Boss steers the boat to the dock as Pickup and Dennis assist two rangers from Yellowstone’s research permitting office off of the boat. They have been on the water since 6:30 a.m., and it is now 9 a.m. As we take the rangers’ places, Dennis hands each of us – me, my son and my mother — a life jacket much like the bright orange one he wears.

He gives us a lecture on safety:

“The water’s real cold, now, so don’t fall off the boat,” he says.

Later, as we glide across the West Thumb Arm at five miles per hour, Boss elaborates a little on that statement.

“The park rangers told us that if you fall in and you stay with the boat, you’ll be dead in 20 minutes, and if you fall in and try to swim for shore, you’ll be dead in 20 minutes, so don’t fall in,” he says.

Cold water caution sign at Yellowstone Park.

Yellowstone Lake is the largest natural freshwater lake in the United States above 7,000 feet and is one of the largest such lakes in the world. The lake covers 136 square miles, is 20 miles long by 14 miles wide and it has 110 miles of shoreline. It is at least 390 feet deep in the West Thumb area and has an average depth of 140 feet. Because of its size and depth and the area’s prevailing winds, the lake can sometimes be whipped into a tempestuous inland ocean. The lake remains cold year-round, with an average temperature of 41 degrees Fahrenheit.

Research at Yellowstone is not for the faint hearted. While in the park, the scientists had to work around bad weather – including hailstorms and flash floods – encounters with bears, illness and occasional equipment failure. They also put in long working hours. They had a lot to accomplish in the two-week window in Yellowstone, so there were no weekends or holidays.

The work on the boat held its own risks, and Boss emphasized that safety always comes first – at the first sign of wind, rain or choppy water, they would get off of the lake. The research on land often meant working on the shoulder of a narrow road where people are paying attention to wildlife and the scenery, so the whole crew wore bright orange mesh vests so they could be easily seen. The researchers also had to clamber over boulders in the large chunks of rock called “rip-rap” on the side of the road, which is hard on ankles and knees – one misstep could send an unlucky person to the nearest medical facility with a sprained ankle.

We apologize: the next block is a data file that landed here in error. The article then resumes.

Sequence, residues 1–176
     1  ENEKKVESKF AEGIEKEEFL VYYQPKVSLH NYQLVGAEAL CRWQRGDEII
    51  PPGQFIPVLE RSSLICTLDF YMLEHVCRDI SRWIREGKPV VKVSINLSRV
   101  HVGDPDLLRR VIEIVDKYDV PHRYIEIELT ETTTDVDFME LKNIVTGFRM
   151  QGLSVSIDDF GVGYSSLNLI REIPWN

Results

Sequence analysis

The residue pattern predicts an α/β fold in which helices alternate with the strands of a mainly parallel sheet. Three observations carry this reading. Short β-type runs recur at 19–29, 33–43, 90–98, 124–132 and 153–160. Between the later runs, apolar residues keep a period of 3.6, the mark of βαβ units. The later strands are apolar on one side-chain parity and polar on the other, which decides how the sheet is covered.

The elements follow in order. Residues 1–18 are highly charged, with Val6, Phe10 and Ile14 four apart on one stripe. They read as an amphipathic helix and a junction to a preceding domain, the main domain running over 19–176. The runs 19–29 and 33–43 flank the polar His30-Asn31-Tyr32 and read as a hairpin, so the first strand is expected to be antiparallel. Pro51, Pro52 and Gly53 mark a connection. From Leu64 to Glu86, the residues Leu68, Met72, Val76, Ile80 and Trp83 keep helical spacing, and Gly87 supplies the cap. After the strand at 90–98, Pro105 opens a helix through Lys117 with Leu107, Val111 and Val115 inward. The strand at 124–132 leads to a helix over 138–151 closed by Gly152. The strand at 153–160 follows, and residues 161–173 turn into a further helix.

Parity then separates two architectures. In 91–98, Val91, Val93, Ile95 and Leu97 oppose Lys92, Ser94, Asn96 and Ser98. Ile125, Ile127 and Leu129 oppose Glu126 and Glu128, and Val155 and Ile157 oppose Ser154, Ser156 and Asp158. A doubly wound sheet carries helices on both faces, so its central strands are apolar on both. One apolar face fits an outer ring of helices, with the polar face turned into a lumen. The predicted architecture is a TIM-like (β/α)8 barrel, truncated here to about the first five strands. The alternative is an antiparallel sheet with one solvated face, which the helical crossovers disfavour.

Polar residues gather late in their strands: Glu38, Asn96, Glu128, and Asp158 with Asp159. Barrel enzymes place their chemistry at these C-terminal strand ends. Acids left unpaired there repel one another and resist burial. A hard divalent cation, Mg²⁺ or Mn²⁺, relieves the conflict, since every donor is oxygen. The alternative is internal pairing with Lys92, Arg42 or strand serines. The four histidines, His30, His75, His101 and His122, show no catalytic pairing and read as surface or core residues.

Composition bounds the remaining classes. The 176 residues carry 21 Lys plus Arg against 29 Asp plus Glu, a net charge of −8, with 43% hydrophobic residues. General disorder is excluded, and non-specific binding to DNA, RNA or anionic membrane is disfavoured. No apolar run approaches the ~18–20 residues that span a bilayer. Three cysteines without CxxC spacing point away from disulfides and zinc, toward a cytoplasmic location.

But in the West Thumb Basin of Yellowstone Lake on a clear sunny day, with the sun’s mirror-like reflections on the water, all is calm as we work. In the boat’s cabin, black lines snake across the screen of a laptop computer, moving slowly up and down, occasionally splitting into layers, then coming together to form one fuzzy black mark.

The computer is recording sound waves as they are bounced off the lake floor from a dual-frequency echo sounder, which is coupled with a GPS antenna to determine the exact location of the depth sounding.

The researchers use both high and low frequency sound waves to determine different things: The high frequency sound waves show sediment lying atop the actual lake bottom, while low-frequency sound waves penetrate lake sediments and depict the lake bottom beneath the sediment. The equipment takes readings of the sound waves about every five feet or so, and each reading has a GPS point attached to it. By scanning across the lake from east to west then north to south, the researchers create a grid of points and depths that allows them to create a detailed digital elevation model of the bottom of the bay – essentially a detailed topographic map of the lake bed.